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בנים אתם לד' אלקיכם לא תתגדדו

You are children to Hashem, your G-d… you shall not cut yourselves. (14:1)

Self-mutilation is prohibited by the Torah. Rashi explains the connection of this prohibition to our pedigree as banim laMakom, children of Hashem. “Since you are the sons of Hashem, it is appropriate to look nice and not mutilated.” Obviously, it is not simply about appearances. It goes much deeper. The fact that we are Hashem’s children is not merely a nice concept; it is a verity that is so real that it becomes the source of a halachah. Chazal teach (Kiddushin 40a) that one who eats publicly in the marketplace is compared to a dog. One opinion even contends that…

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בנים אתם לד' אלקיכם

You are children to Hashem, your G-d. (14:1)

Being children to Hashem, banim laMakom, demands that we live our lives on a higher standard. What may be an acceptable practice for the pagan culture in which we live is detestable for us. If many of our co-religionists would realize the depth of meaning which the concept of banim laMakom implies, they would change their attitude and way of life. The term banim, children (of), intimates that they have a Father who has expectations. Parents love their children unconditionally. Furthermore, a biological child remains so irrevocably, regardless of the child’s negative actions. A child identifies with his parents; thus,…

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כי לא על הלחם לבדו יחיה האדם... כי על כל מוצא פי ד' יחיה האדם

Man does not live on bread alone, but that man may live on anything that Hashem decrees. (8:3)

The forty years of wandering in the wilderness served as a course of instruction and training – instruction about Hashem’s Hashgachah, Providence, and training for serene and disciplined surrender to His guidance. When our lack of conviction in Hashem’s Omnipresent care and guidance over us diminishes, our practice, which fulfills the requirements of our moral and spiritual training, likewise wanes. For forty years we lived a lifestyle that impressed upon us the notion that, “It is not by bread alone that man make a life for himself.” We have been taught that the prime factor for man’s sustenance is the…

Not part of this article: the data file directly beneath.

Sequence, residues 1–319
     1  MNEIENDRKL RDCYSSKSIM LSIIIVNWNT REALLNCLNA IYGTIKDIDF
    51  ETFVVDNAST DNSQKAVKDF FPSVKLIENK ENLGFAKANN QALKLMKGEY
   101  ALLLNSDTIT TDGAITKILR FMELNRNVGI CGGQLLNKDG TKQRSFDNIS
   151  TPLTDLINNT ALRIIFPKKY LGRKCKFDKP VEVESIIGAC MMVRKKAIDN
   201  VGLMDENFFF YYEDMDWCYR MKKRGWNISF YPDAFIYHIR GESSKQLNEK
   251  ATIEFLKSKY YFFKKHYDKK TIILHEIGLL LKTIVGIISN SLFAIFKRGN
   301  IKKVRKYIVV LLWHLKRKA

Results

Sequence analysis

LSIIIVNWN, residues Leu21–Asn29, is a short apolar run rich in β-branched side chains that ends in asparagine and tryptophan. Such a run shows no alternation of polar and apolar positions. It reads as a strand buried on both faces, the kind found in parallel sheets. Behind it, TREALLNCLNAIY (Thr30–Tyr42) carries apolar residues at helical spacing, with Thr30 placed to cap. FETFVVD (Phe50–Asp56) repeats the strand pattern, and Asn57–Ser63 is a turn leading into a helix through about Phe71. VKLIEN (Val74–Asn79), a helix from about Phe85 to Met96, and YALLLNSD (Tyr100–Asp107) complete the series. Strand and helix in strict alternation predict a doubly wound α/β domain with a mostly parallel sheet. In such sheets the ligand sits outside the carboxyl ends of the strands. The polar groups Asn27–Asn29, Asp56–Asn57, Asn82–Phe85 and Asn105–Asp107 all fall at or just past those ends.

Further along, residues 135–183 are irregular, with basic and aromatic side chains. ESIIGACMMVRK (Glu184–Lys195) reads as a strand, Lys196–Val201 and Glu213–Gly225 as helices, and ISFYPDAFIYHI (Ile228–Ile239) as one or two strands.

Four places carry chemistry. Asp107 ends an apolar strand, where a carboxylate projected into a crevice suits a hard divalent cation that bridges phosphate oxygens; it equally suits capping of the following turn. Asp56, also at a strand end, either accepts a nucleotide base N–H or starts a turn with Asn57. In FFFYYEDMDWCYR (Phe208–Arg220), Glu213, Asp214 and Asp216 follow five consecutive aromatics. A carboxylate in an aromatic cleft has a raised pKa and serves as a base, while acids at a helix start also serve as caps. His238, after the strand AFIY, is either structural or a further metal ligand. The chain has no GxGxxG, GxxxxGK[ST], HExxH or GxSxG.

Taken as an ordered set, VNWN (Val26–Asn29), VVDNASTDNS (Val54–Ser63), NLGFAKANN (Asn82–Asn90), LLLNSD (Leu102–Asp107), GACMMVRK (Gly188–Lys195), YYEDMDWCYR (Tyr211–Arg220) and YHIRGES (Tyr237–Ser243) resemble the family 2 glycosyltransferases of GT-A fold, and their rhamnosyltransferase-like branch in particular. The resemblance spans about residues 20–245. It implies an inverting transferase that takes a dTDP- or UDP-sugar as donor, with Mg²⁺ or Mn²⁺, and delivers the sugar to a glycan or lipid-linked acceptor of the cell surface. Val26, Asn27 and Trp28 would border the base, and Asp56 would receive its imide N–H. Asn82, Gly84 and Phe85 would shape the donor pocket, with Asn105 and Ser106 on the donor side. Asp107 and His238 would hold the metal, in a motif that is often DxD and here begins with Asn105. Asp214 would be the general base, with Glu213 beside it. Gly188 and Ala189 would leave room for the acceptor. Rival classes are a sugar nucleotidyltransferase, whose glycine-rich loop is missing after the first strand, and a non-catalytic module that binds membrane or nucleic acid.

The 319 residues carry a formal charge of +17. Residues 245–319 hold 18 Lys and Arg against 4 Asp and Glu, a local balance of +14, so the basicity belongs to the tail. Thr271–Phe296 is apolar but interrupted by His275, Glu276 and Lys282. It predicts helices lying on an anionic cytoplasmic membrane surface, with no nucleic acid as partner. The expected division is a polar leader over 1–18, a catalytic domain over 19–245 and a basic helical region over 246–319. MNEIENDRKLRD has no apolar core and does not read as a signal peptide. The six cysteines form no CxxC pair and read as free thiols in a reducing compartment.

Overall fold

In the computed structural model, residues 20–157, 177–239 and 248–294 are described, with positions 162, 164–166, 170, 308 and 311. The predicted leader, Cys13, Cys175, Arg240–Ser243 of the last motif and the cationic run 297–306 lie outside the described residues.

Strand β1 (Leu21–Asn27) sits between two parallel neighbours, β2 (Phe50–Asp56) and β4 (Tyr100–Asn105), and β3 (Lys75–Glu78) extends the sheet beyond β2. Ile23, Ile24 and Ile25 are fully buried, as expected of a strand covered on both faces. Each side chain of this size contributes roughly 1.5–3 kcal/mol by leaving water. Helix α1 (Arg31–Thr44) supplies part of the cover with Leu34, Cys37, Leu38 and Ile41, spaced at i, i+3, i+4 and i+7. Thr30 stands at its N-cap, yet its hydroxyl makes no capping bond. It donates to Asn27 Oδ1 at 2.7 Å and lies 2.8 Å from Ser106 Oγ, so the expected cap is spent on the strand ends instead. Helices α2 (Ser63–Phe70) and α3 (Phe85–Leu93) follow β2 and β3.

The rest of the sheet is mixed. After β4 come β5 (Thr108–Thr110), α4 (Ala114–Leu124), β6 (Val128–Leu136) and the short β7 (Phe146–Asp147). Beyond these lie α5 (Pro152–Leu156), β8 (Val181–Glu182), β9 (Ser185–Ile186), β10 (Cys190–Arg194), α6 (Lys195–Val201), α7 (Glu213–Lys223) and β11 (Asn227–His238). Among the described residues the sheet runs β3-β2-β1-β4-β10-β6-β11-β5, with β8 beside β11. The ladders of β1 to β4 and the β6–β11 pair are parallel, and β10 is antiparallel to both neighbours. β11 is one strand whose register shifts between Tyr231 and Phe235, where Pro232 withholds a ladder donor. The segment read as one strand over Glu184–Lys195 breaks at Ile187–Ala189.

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ויאמר ד'... ראיתי העם הזה והנה עם קשה ערף הוא

Hashem said… “I have seen this people, and behold! It is a stiff-necked people.” (9:13)

Stiff-necked, otherwise known as stubbornness, obstinacy, is usually incompatible with uprightness and righteousness, because a stubborn person makes up his mind and sticks to it – even if his conduct is less than desirable. He has made up his mind, and he will stick to his guns. Hashem informs Moshe that the nation’s stubbornness is not conducive to their spiritual growth. He will send an angel to lead them. Hashem wants no part of an obstinate people. If we look back to the original redaction of the sin in Parashas Ki Sisa (Shemos 34:9), however, Moshe beseeches Hashem, Yeileich na…

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עשה משפט יתום ואלמנה

But upholds the cause of the orphan and the widow. (10:18)

The Torah teaches us that Hashem is concerned about the honor of the downtrodden, the widow and orphan, individuals who are alone with no one to care for them. The exhortation to preserve the honor of a widow applies even to a king’s widow. In his commentary to Bereishis 37, Rabbeinu Bachya quotes this from a Midrash. The reason for this stringency is that their spirits are low and their tears are frequent. Widows and orphans who are oppressed have no one to turn to other than Hashem – Who listens. Horav Ovadiah Yosef, zl, was very careful to safeguard…